At least eight of the 15 Southern African Development Community (SADC) countries have developed multi sector national action plans for ending gender violence. They now face the task of gathering baseline data on current rates of violence so that they can monitor progress in reaching the 2015 and the ultimate target of ending this scourge.
Over the course of the year, experts and governments in South Africa, Mauritius and Botswana have been working with Gender Links (GL), a Southern African NGO based in Johannesburg, on a pilot project to develop indicators for measuring gender violence.
Shortly before the ADF meeting, GL entered an agreement with the Economic Commission on Africa (ECA) for sharing the research findings and collaborating in a continent-wide initiative on gender violence indicators. The partnership is a demonstration of the benefits of civil society, government and multilateral agencies working together in devising meaningful measures for this flagrant human rights abuse.  Read  full article

Read more about the project on developing indicators to measure gender violence


DRC: Steering committe set up for implementation of the Council Resolution 1325

To mark the beginning of the 16 days of activism against violence to women, on 25 November 25 2008, the Democratic Republic of Congo has officially set up a steering committee responsible for the implementation of Council Resolution 1325 UN Security on women, peace and security. The Committee comprises 53 members representing the government, Parliament, civil society, media and UN agencies.
The creation of this committee comes within the framework of regional project to set up national action plans in the Great Lakes  to    “effectively implemented the recommendations of the Resolution 1325 of the United Nations.
Malawi: HIV laws put women in line of fire
A woman in Malawi left her husband after years of abuse. He found her and raped her, an act not criminalised in Malawi when it occurs within marriage.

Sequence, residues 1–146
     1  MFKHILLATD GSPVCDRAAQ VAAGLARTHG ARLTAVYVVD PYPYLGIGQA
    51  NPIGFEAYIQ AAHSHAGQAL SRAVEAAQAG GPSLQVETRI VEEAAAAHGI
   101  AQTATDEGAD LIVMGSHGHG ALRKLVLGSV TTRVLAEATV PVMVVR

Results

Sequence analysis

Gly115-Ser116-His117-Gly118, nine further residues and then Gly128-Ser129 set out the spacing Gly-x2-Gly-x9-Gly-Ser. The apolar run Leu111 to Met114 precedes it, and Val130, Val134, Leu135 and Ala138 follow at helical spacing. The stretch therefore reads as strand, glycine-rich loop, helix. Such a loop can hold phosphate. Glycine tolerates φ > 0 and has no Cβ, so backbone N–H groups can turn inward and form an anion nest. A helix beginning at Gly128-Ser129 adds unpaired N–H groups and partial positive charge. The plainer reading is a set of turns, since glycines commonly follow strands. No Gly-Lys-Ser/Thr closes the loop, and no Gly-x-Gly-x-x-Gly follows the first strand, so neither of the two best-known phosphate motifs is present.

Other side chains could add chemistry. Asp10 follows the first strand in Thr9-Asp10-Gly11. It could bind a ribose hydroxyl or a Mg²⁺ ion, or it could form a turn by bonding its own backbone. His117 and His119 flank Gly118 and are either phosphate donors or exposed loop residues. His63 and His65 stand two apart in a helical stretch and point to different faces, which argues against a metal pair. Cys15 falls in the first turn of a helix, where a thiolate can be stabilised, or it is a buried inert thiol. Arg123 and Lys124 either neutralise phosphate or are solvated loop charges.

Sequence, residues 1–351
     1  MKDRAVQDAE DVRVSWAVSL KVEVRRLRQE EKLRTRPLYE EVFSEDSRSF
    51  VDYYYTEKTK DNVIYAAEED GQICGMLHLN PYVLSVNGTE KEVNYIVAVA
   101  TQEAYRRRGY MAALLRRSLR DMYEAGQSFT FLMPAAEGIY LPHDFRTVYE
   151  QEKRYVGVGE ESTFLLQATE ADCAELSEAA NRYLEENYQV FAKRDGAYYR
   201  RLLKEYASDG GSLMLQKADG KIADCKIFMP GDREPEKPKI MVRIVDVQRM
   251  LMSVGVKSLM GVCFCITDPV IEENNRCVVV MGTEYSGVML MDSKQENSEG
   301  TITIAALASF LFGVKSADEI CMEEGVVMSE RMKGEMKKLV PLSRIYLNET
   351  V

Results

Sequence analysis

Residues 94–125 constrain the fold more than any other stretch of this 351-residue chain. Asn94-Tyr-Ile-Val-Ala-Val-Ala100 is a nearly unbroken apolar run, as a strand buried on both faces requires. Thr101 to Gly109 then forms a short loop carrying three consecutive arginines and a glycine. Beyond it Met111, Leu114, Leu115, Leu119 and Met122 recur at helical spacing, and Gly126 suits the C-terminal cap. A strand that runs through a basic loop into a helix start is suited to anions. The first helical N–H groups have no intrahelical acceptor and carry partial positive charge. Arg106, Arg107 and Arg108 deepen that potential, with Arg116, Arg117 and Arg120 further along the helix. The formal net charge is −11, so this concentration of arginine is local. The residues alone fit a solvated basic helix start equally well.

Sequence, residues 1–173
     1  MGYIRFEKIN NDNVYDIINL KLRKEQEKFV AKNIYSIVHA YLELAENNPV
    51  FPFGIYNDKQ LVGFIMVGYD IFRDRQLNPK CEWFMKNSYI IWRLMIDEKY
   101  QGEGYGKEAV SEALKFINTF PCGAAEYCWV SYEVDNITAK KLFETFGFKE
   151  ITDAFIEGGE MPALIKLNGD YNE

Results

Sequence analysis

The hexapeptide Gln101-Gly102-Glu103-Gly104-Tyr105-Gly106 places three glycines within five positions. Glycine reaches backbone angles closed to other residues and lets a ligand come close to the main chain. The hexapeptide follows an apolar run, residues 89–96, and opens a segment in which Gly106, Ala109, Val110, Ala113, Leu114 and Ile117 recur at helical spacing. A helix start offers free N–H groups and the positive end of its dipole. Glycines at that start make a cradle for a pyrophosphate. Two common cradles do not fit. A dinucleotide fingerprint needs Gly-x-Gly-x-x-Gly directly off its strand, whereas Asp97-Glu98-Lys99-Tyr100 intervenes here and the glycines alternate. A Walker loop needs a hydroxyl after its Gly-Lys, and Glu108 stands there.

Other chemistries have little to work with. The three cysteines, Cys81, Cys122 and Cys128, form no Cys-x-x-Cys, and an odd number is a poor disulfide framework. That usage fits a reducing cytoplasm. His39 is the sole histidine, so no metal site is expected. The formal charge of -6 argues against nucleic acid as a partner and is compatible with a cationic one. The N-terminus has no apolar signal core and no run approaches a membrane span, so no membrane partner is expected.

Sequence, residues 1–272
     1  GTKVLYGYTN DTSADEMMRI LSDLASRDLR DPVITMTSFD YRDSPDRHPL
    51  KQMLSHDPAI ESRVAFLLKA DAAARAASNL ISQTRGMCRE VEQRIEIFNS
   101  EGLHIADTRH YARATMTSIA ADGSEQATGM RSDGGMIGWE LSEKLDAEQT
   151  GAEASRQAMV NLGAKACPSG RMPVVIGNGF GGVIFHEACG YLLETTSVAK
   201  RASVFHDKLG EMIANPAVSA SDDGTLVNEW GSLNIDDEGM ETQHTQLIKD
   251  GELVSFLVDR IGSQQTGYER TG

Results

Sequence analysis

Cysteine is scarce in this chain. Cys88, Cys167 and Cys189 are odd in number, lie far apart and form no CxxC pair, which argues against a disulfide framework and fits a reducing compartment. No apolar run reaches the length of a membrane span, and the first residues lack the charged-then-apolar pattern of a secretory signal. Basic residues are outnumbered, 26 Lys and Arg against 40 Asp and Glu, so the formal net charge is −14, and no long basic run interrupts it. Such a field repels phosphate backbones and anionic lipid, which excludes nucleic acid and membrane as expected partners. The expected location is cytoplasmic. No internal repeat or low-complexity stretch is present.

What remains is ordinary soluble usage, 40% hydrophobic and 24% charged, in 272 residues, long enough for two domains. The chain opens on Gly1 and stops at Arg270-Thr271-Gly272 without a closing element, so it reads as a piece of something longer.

The woman later tested positive for HIV and discovered that her husband had known his HIV-positive status for some time. When  she confronted him about why he had infected her, he responded: “Because we must leave together”.
Would a law criminalising HIV transmission have protected the woman or, at the very least, given her some opportunity for legal redress? The question is one that governments, legal experts and AIDS and gender activists in Southern Africa have been grappling with in recent months as a spate of laws have been passed in other parts of the continent enabling prosecution for HIV exposure or transmission.
Among the arguments in favour of such laws is that they help protect those who may have difficulty protecting themselves. Women who often lack the power to insist on condoms or faithfulness from their partners are often cited as being most in need of such protection. Read full article
Source: IRIN PlusNews

Malawi: Elections get ugly for women

By Pilirani Pemu-Banda
Malawi’s primary elections are getting ugly for women candidates. Shoving, derogatory songs and being pelted with stones are just some of the intimidating tactics aimed at discouraging women from contesting the primary elections that will select candidates for the parliamentary polls in May 2009.

Gertrude Nya Mkandawire, one of the strongest members of parliament (MP) for the ruling Democratic People’s Party (DPP), recently withdrew from the primaries in her Mzimba Solora constituency, in the north, where she was running against 10 men.

“I can’t take it anymore,” Nya Mkandawire told IPS. “I have faced different kinds of intimidation from fellow contenders, who are all men.” Angry crowds sang demeaning songs and shoved her around at rallies. “They have been destroying my campaign materials, including flags and posters, in the night to discourage me from contesting,” she added. Read full article.